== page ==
Colonel Charles Young, Brigadier General Benjamin O. Davis, General Roscoe Robinson, Sr, Brigadier General Hazel W. Johnson, Major General Charles C. Rogers.
By: Charles Blatcher, III
Chairman, National Coalition of Black Veteran Organizations
This article is written to pre-empt a possible problem that could cause a delay in getting the names changed on the Army Bases currently honoring Confederate Generals. Everybody has a favorite uncle or aunt they believe should have a base named in their honor. In January when we were informed the legislation had been signed authorizing the name changes, we submitted our recommendations to Congressman Anthony Brown, a member of the Armed Services Committee. We felt it important to suggest a common-sense approach for the name selection process. Otherwise, the process could easily be argued about who is the worthiest of the honors.
The Congressional Black Caucus raised the issue calling for the renaming of the select United States Army Bases. The Coalition has been a principal advocate for the cause. We communicated with Congressional Leaders and Army General Mark A. Milley, chairman of the Joint Chief of Staff expressing our view regarding the necessity for the change. We reached out to the Department of the Army and Congress seeking the regulations or legislation that affirmed the existing names. One would surmise there was a selection process, and such documents exist. We never acquired the documentation. Without a selection process Benedict Arnold would have likely been chosen to be honored.
Nevertheless, we welcomed the announcement that the decision was made to change the names of the ten bases. It has been a long time coming, but it has come. The Coalition being involved since 2017 shares the joy and success of the legislative accomplishment.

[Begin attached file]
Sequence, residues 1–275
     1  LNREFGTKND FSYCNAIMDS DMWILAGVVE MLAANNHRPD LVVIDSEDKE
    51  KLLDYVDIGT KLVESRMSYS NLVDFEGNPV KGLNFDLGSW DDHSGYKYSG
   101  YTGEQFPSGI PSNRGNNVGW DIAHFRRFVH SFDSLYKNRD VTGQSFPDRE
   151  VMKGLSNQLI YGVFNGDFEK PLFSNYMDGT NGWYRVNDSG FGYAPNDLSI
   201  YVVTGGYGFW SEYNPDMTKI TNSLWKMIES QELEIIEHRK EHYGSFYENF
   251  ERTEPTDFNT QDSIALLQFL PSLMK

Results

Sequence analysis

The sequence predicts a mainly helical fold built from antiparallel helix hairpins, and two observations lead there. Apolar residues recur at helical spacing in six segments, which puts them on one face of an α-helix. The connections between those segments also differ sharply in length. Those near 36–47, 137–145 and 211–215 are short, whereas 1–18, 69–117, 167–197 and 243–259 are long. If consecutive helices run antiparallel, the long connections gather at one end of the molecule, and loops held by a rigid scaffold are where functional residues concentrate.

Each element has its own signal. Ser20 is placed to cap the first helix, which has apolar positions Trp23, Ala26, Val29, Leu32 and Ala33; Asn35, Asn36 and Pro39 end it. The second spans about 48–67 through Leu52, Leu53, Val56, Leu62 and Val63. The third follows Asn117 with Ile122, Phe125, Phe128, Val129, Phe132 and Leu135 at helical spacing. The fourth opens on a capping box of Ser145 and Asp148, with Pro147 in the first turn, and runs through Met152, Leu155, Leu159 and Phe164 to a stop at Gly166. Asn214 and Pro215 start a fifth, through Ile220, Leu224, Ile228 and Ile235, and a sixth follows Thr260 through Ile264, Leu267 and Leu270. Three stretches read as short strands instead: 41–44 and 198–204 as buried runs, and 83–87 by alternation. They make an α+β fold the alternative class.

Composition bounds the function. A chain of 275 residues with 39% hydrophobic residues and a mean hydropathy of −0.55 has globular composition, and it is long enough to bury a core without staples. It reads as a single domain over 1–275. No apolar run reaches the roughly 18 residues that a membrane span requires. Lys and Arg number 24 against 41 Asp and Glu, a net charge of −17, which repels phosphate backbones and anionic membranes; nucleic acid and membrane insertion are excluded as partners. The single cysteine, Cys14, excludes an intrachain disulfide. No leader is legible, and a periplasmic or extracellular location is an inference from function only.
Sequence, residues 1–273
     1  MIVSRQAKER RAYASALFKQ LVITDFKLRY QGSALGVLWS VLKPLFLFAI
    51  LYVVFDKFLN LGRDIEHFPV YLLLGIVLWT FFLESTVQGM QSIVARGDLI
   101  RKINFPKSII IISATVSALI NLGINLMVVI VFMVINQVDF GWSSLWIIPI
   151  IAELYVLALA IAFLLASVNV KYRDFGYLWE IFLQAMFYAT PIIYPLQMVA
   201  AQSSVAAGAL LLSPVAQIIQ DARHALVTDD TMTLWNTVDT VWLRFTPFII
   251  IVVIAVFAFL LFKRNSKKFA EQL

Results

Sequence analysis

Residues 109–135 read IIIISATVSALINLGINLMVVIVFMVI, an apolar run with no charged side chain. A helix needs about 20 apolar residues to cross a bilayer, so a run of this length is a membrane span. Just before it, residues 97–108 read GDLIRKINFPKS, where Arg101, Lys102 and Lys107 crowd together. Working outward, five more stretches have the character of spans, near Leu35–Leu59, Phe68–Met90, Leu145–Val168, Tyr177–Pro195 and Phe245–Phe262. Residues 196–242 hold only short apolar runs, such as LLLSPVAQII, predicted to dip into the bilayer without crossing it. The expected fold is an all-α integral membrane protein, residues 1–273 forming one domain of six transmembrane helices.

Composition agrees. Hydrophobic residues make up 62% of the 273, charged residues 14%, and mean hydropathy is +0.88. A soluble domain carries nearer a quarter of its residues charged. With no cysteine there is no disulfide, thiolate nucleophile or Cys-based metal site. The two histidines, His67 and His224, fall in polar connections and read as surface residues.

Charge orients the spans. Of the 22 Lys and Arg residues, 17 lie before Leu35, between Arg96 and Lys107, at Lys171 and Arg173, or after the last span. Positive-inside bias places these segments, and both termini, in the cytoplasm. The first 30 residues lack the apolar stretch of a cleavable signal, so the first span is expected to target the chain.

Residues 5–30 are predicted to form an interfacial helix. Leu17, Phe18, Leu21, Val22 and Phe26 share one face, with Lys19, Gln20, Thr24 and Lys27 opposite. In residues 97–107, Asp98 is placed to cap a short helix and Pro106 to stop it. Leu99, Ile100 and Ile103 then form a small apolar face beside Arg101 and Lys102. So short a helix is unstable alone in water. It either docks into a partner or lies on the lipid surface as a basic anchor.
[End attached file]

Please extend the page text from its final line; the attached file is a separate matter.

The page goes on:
We selected names for five of the bases to be renamed. The number was derived because the Black contribution spans the longest period of our nation’s history. Black participation also constitutes the largest minority presence in American Military History. The Native American, Hispanic, Japanese, and Hawaiian American communities have their own first for consideration in the process.
The recommendation we sent forward were the following with the brief histories supporting the choices. In our suggested process history makes the determination. Our choices represent the first in United States Army Military History, all are deceased. The latter point is a prerequisite for consideration.
– Colonel Charles Young, First Black Colonel in Army History. Highest ranking Black Officer in the Armed Forces from 1894 to his death in 1922.
– Brigadier General Benjamin O. Davis, Sr, First Black General in US Military History- 1941
– General Roscoe Robinson, First Black Army Four Star General in US Army History – 1984
– Brigadier General Hazel W. Johnson, First Black Woman General – 1979
– Major General Charles C. Rogers. Only Black General recipient of the Medal of Honor – 1968
A Base named after Brigadier General Hazel Johnson would be especially historic. There has never been a base named neither for a woman nor a Black Soldier.
Lieutenant Henry O. Flipper, the first Black Graduate of West Point is not included in our choices because of the complication presented by his Court Martial and subsequent pardon. We have long held the belief he should have been exonerated. There is a difference between the two. Pardon implies you did something, but you are excused. Exoneration means you are innocent of charges. The Law Firm who represented Flipper’s case found it more expedient to seek the pardon then try to prove his innocence.
We are hopeful this process moves forward without becoming the equivalent of an adult food fight. This is a historical moment in this nation’s history. We encourage the public to view the moment in its historical context. None comes before the First. Think About It.
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